The Bush administration is claiming a positive start to its effort to put diplomatic pressure on North Korea to abandon its newly acknowledged nuclear weapons program. Two senior U.S. diplomats held talks with Chinese officials Friday in Beijing.
Beijing was the first stop for the U.S. team, given China's close political and economic links with North Korea. Undersecretary of State for arms control John Bolton, and Assistant Secretary for East Asian Affairs James Kelly had what were described as "very useful and productive" talks with senior Chinese officials.
State Department spokesman Richard Boucher says China is sympathetic to U.S. concerns about North Korea's nuclear ambitions. "We think the Chinese government shares our concern about the possible introduction of nuclear weapons into the Korean peninsula," said Richard Boucher. "We hope to proceed on the basis of that shared concern and will continue our consultations with China."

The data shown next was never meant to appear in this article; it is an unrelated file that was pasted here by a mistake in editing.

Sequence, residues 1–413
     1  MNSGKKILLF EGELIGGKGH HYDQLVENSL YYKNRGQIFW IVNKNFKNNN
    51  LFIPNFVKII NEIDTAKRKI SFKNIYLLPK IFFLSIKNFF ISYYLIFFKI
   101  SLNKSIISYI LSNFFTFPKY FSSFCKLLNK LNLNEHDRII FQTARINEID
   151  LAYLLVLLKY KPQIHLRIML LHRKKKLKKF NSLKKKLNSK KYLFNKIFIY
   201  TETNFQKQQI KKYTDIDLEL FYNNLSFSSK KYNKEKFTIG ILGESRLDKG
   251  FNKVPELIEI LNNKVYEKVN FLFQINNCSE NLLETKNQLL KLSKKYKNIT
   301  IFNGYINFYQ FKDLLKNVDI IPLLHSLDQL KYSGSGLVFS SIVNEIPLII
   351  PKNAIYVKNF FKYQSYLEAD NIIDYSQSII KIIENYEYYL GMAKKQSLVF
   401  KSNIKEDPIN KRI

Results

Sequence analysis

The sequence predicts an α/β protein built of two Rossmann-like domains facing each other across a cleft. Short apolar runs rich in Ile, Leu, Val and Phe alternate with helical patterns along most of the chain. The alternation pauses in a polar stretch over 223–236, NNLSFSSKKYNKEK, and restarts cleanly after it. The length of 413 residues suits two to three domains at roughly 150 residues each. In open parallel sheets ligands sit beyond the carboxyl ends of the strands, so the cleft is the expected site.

President Bush, who aides say is committed to finding a peaceful way to get North Korea to end its nuclear program, will take up the issue with Chinese President Ziang Zemin next Friday in Texas. Mr. Bolton holds talks next week in Russia and Western Europe, while Assistant Secretary Kelly consults leaders in South Korea and Japan.